of solicitude for pro se litigants).
approximately 4:30 p.m. on October 19, 2017, the plaintiff
was sweeping the floor in the dayroom at MWCI. Compl. ¶
1. MWCI is a “level-4” facility, but the
plaintiff had always been a “level-3” inmate and,
therefore, should not have been confined at MWCI.
Id. at ¶ 14. While working, he became involved
in a verbal altercation with another inmate, Tyrone Blash.
Id. at ¶ 2. After arguing with Blash, the
plaintiff returned to his single cell. Id. at ¶
p.m., Blash exited his cell and approached the
plaintiff's cell with another inmate named Bruce. Compl.
¶¶ 4-5. When he reached the plaintiff's cell,
Blash continued arguing with the plaintiff while Bruce waited
by the cell door looking for any correctional staff.
Id. at ¶ 5. After a couple minutes of arguing,
Blash stepped into the plaintiff's cell, pulled a shank
from his pocket, and attacked the plaintiff while Bruce
remained by the door as “the lookout.”
Id. at ¶ 6. Blash stabbed the plaintiff on the
side of his head and slashed his neck. Id. at ¶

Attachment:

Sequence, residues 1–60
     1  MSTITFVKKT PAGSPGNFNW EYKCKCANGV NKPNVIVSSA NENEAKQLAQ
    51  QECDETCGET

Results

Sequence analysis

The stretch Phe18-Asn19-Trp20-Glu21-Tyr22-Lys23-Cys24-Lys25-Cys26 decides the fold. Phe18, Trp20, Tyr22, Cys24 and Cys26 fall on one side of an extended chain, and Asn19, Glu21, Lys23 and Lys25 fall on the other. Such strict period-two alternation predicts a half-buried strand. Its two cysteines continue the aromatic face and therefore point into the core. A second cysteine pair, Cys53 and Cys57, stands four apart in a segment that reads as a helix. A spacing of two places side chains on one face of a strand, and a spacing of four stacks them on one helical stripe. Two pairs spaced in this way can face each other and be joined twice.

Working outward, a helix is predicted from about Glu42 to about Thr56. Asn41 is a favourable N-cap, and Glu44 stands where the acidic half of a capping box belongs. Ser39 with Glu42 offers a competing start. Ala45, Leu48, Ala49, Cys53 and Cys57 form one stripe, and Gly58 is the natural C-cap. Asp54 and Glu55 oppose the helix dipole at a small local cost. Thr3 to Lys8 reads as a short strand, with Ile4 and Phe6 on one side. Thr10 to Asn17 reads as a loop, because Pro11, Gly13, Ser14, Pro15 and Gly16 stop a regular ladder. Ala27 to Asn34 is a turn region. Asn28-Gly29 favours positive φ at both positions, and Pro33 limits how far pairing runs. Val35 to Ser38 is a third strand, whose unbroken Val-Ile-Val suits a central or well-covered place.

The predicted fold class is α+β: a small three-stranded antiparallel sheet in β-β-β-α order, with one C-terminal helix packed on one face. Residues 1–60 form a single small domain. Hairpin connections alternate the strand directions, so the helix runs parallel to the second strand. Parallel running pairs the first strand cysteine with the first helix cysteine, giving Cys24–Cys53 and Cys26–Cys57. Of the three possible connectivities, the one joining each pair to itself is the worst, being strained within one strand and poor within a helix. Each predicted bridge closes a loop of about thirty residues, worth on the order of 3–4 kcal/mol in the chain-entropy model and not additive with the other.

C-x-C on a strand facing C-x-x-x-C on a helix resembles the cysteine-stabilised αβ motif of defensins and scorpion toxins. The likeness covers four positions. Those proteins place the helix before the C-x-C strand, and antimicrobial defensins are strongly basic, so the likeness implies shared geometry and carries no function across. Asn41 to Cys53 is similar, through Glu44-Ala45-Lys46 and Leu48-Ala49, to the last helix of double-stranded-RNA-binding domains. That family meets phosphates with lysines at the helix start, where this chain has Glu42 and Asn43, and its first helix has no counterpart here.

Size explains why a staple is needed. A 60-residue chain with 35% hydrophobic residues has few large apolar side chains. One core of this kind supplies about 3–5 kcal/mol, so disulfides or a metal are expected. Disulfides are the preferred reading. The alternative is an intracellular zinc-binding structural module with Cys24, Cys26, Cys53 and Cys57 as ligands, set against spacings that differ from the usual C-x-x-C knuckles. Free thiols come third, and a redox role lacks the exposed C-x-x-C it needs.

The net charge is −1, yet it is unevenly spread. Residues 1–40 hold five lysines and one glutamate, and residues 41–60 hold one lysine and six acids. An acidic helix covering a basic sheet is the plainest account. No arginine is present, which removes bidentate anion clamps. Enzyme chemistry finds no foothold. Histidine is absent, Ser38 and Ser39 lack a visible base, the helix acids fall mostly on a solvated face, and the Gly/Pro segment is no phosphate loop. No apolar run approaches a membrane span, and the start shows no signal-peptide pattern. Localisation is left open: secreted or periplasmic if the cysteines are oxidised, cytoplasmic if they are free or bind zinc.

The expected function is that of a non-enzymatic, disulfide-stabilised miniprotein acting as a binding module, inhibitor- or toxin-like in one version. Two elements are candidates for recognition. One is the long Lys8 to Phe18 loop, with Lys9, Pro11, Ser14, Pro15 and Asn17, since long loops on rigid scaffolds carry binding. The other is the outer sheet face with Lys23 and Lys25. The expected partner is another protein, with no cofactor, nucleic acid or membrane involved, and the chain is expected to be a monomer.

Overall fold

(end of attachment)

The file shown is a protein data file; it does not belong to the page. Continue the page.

7. When the plaintiff tried to block the attack, Blash cut
him on his left arm and chin. Id. The plaintiff was
ultimately able to grab Blash's arm, which was holding
the shank, and “bull rush” Blash out of his
cell. Id. at ¶ 8. The struggle continued in the
dayroom where officers called a “code blue” and
separated and restrained the two inmates. Id. at
¶¶ 9-10. The plaintiff lost a substantial amount of
blood in his cell and in the dayroom. Id. at ¶
the attack, the plaintiff was escorted to the medical unit
and then sent to UCONN hospital, where he received three
staples for his head laceration. Compl. ¶ 11. When he
returned to MWCI, Correction Officer Hackett issued him a
disciplinary report for fighting. Id. at ¶ 12.
Hackett's description of the incident was not truthful.
Id. The plaintiff was not given a hearing on the
charge and was placed in a restrictive housing unit
(“RHU”) for ten days. Id. at
¶¶ 13, 17.
his confinement in the RHU, the plaintiff was transferred to
Osborn and housed in a “5x9 cell” with another
inmate. Compl. ¶ 15. There, he requested evaluation from
the mental health unit, but a staff member told him that, if
he sought treatment, his mental health score would be
increased. Id. at ¶ 19. The plaintiff
interpreted the statement as a threat. Id.
plaintiff claims that the defendants violated his Eighth
Amendment protection against cruel and unusual punishment by